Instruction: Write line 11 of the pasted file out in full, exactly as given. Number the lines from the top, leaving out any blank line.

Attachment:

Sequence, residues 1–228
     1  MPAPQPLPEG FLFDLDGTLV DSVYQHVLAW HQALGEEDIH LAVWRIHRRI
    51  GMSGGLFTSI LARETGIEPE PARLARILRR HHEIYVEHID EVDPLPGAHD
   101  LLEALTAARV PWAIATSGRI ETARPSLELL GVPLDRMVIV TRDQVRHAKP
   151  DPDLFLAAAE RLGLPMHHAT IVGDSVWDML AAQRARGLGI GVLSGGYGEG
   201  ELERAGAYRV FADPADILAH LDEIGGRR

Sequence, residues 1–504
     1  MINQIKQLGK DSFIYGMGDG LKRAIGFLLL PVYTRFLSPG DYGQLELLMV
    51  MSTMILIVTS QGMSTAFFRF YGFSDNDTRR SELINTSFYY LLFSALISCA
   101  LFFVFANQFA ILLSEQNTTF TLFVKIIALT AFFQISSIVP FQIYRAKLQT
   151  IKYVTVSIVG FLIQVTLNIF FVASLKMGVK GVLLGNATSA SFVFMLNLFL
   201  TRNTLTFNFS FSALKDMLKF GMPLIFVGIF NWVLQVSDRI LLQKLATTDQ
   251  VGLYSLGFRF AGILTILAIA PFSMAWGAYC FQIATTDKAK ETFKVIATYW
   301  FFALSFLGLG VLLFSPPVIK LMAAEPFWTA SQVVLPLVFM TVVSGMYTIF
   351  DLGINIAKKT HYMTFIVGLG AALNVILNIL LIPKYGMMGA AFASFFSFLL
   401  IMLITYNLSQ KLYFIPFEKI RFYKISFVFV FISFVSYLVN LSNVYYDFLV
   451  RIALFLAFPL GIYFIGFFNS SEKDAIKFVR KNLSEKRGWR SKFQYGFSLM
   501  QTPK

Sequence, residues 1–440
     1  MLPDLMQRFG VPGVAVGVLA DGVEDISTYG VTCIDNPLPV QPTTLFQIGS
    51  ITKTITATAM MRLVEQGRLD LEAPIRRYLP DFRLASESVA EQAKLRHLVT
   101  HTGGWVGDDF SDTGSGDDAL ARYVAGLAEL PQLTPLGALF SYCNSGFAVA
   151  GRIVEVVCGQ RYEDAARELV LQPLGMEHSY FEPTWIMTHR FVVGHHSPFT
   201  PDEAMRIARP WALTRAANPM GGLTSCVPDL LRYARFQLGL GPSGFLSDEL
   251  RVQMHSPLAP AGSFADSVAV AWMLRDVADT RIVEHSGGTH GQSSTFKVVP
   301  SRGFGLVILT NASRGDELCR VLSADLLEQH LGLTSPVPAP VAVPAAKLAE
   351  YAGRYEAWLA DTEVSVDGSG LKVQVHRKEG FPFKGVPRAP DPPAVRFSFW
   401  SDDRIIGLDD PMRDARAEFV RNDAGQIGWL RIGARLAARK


   151  IKYVTVSIVG FLIQVTLNIF FVASLKMGVK GVLLGNATSA SFVFMLNLFL